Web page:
Raspberry Pi Light Sensor
In this Raspberry Pi light sensor tutorial I show you how to correctly connect the photo resistor sensor up to the GPIO pins. Lastly I show you how it can be used in a simple python script so you’re able to gather and use the data from it.

This is yet another sensor that I will be looking at incorporating into future projects such as a light activated alarm clock.

I explain a bit further down each of the parts that I will be using in this circuit. Be sure to read up on it if you need more information on these. It is important to note for this tutorial I am just using a simple photocell sensor whilst these are perfect for some tasks they might not be as accurate as you would like.

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If you want to see visually step by step on how to set up the light sensor circuit & code, then be sure to check out the video below. It contains almost everything the text version of this tutorial does. You can find text instructions & information right underneath the video.


You will need the following equipment to be able to complete this Raspberry Pi light sensor tutorial. You can do this without any breadboard gear but I would highly recommend investing in some if you plan on doing a lot of circuitry work.


Raspberry Pi

8GB SD Card or Micro SD Card if you’re using a Raspberry Pi 2 or B+

Ethernet Cord or Wifi dongle

Light sensor (LDR Sensor)

1 1uF Capacitor


Raspberry Pi Case

USB Keyboard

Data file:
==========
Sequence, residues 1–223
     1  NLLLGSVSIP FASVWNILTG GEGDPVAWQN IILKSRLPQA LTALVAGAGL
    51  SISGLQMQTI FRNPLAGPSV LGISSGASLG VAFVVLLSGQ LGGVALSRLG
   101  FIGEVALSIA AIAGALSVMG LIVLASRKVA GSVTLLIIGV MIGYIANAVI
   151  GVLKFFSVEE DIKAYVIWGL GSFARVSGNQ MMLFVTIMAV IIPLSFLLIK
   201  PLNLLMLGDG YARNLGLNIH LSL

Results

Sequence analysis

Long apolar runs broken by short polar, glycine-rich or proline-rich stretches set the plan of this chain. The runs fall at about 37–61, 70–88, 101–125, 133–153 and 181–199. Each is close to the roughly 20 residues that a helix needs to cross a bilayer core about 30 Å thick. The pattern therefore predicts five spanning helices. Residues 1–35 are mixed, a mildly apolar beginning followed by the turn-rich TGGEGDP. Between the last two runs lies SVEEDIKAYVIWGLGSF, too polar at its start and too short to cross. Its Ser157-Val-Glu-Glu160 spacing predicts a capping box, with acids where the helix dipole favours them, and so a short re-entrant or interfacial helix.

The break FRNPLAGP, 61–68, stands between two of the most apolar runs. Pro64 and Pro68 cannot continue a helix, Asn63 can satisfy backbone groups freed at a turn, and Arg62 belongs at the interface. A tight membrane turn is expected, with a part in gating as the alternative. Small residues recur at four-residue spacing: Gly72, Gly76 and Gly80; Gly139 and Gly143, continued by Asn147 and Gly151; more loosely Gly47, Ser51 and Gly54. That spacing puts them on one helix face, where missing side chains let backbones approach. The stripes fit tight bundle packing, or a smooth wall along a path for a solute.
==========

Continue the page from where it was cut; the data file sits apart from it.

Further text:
USB Mouse

GPIO Breakout Kit


Breadboard Wire

The Raspberry Pi Light Sensor Circuit

The circuit we are going to make for this tutorial is super simple and is great for anyone who is just starting out with circuitry.

The light dependent resistor or also known as the LDR sensor is the most important piece of equipment in our circuit (obviously). Without it we wouldn’t able to detect whether it is dark or light. In the light this sensor will have a resistance of only a few hundred ohms whilst in the dark it can have a resistance of several megohms.

The capacitor in our circuit is there so we’re able to measure the resistance of the LDR sensor. A capacitor essentially acts like a battery charging up whilst receiving power and then discharging when no longer receiving power. Using this in series with the LDR we can work out how much resistance the LDR is giving out thus whether it is light or dark.

To get the light sensor circuit built correctly follow the steps below or check out the circuit diagram right underneath the steps. In the following steps I am referring to the physical numbers of the pins (Logical order).

1. First connect pin #1 (3v3) to the positive rail on the breadboard.

2. Next connect pin #6 (ground) to the ground rail on the breadboard.

3. Now place the LDR sensor onto the board and have a wire go from one end to the positive rail.